Published : Monday, October 23, 2017 | 5:26 AM
The Finance/Audit Committee of the Pasadena City Council is meeting Monday to receive a new internal audit plan for fiscal year 2018 – the result of a comprehensive review of the City’s internal audit procedures that started in late 2015 after a new internal audit manager was appointed.
The Committee will also discuss proposed amendments to the Capital Improvement Program budget and to the Adopted Operating Budget for fiscal year 2018, as well as a proposed contract for a “Lower Arroyo Main Entrance Improvements” project before these are forwarded to the full City Council later Monday evening.
These three items are listed under New Business in the Committee’s agenda, and are among the Consent Calendar items listed in the full City Council agenda – which means they can be approved by one motion and one vote Monday night.
The proposed amendments to the Capital Improvements Projects 2018 budget includes 18 projects that could increase the CIP allocation for next year by a total of $1,293,990, according to the Fiscal Segment of an Agenda Report prepared by the City’s Department of Public Works.
The proposed operating budget amendments, on the other hand, lists 18 budget items which will increase the total authorized operating appropriations by a net amount of $275,667, according to a Department of Finance Agenda Report. The proposed amendments are either “carry forwards” of previously approved appropriations from the 2017 budget that were unexpended as of June 30, 2017 and are now anticipated to be expended in 2018, or amendments to the 2018 Operating Budget based on information that was not available when the operating budget was presented to the City Council in June.
The other New Business item for the Finance Committee, which is on the City Council’s Consent Calendar Monday, is the Lower Arroyo Main Entrance Improvements project, where the Public Works Department is recommending that the City Council accept a bid by Access Pacific Inc. to enhance the current main entrance to the Lower Arroyo Seco.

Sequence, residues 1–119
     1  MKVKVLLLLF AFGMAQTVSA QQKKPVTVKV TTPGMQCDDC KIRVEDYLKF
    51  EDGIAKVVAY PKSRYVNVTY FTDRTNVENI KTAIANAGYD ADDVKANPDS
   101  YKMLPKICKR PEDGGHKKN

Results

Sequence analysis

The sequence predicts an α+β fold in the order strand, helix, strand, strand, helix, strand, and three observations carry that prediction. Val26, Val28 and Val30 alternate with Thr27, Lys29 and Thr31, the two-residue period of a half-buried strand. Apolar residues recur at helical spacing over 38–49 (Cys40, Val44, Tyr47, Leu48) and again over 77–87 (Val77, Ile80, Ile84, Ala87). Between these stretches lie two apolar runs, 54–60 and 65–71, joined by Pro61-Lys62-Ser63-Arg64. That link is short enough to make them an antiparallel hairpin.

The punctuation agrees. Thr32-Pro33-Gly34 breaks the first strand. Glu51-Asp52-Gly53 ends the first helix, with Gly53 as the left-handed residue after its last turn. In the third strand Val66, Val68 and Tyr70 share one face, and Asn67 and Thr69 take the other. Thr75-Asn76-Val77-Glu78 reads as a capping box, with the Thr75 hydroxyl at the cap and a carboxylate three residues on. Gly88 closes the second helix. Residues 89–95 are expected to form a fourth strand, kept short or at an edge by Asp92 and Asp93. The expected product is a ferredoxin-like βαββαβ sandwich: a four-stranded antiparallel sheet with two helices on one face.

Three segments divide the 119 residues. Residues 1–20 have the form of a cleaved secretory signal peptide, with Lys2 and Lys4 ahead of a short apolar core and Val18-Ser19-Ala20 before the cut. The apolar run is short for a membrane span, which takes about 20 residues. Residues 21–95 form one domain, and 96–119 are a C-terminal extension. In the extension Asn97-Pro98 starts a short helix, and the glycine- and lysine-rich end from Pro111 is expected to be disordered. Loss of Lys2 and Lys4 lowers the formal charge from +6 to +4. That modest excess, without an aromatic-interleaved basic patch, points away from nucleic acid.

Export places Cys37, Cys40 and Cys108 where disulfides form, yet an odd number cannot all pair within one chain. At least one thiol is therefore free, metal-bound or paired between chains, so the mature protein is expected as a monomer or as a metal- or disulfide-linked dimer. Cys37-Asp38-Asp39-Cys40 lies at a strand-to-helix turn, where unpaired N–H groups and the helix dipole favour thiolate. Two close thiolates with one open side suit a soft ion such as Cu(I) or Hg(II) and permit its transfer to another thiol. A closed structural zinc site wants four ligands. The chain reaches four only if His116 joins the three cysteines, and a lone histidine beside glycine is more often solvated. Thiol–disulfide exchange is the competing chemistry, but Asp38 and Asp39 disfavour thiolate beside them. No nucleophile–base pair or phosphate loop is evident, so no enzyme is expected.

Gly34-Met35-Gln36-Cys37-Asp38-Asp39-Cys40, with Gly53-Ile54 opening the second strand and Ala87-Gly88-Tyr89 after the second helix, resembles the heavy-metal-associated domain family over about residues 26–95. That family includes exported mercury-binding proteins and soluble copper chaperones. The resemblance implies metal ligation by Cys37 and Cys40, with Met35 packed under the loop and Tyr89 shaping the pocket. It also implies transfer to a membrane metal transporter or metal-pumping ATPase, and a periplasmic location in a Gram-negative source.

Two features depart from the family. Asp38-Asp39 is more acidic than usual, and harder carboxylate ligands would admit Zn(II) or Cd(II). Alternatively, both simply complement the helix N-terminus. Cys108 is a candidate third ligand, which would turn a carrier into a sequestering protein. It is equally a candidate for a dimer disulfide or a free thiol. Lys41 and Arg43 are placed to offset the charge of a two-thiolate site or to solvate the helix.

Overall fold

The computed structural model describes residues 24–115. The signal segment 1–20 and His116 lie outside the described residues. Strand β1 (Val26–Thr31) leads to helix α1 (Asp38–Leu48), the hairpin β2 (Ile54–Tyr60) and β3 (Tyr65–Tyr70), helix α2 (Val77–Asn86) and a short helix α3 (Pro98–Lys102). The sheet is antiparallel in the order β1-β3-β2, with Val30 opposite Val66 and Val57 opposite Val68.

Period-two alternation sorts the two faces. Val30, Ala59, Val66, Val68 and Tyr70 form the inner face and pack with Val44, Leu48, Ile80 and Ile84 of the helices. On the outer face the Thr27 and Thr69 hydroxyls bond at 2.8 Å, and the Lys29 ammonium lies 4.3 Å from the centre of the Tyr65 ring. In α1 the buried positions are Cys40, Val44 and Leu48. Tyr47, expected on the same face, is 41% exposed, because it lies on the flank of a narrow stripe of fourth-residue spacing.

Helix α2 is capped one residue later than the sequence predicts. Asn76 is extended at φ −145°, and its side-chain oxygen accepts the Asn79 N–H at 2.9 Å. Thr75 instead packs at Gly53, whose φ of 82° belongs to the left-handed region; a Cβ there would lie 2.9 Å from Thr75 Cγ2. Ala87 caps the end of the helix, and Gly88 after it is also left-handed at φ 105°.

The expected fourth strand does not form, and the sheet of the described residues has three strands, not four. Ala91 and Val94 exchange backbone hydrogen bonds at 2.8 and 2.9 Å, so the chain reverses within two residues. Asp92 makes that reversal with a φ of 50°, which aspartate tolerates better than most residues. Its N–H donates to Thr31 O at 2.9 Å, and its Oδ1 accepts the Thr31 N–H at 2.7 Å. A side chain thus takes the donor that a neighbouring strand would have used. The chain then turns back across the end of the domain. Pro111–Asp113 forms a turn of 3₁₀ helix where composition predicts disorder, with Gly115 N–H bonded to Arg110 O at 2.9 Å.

The contract will cost the City $132,000, about $66,000 of which is proposed to be taken from Residential Impact Fees.
Describing the project, the Public Works Department said “unattractive” existing steel pole gates at the entrance will be replaced with new tubular steel gates and arroyo stone pilasters, “similar to the existing entry gate at La Casita del Arroyo.”
“The four stone pilasters will be constructed using arroyo stones with mortar to match the style of the pilasters at La Casita del Arroyo. The proposed work will also include removal and replacement of a portion of the existing driveway apron; repair of the asphalt paving; slurry seal of asphalt paving; and construction of concrete curb and cobble median paving,” the report said.
Public Works said the design was presented to the public and to the Recreation and Parks Commission in July 2016, and reviewed by the Design Commission in January 2017. Both commissions supported the design concept, the report said.
The project was advertised for bidding purposes on May 11, and two bids were received on May 31. Both bids, however, were rejected for exceeding the engineer’s estimate and the available project balance.
After a new advertisement in September, four prime contractors submitted their bids this month.
The Public Works Department said Access Pacific Inc., a Pasadena company, was the lowest responsive and responsible bidder among the four, and is recommending approval of the $132,000 contract.
Construction is expected to begin in January 2018 and could be completed by March.
On Monday’s Finance/Audit Committee meeting, the City Manager’s Office is submitting its Internal Audit Plan for fiscal year 2018, prepared principally by the City’s new Internal Audit Manager, Ruther Holden, who was appointed in November 2015, a year after the City exposed details of a $6.4-million embezzlement scheme involving a public works employee, Danny Wooten, who was later terminated and charged.
The embezzlement scandal also led to two department heads being fired in January 2015.
Holden was the former Chief Auditor at the Los Angeles County Metropolitan Transportation Authority for 10 years before she was hired as Pasadena’s Internal Audit Manager, and was senior auditor at the Federal Defense Contract Audit Agency before that.
In an Agenda Report for the Finance/Audit Committee, Holden said she began building a framework for a comprehensive internal audit function intended to prevent fraud at all City government agencies and offices right after her appointment. She said one of the first steps in the process was to draft an Internal Audit Framework, which the City Council approved in February 2016.
The Framework says the City will adopt the Institute of Internal Auditors (IIA) International Professional Practices Framework to comply with California’s internal audit requirements.
Holden is expected to present her Annual Citywide Risk Assessment and Internal Audit Plan for 2018 in detail before the Finance/Audit Committee, which meets at 4 p.m. at the City Council Chamber, Room S249 at City Hall.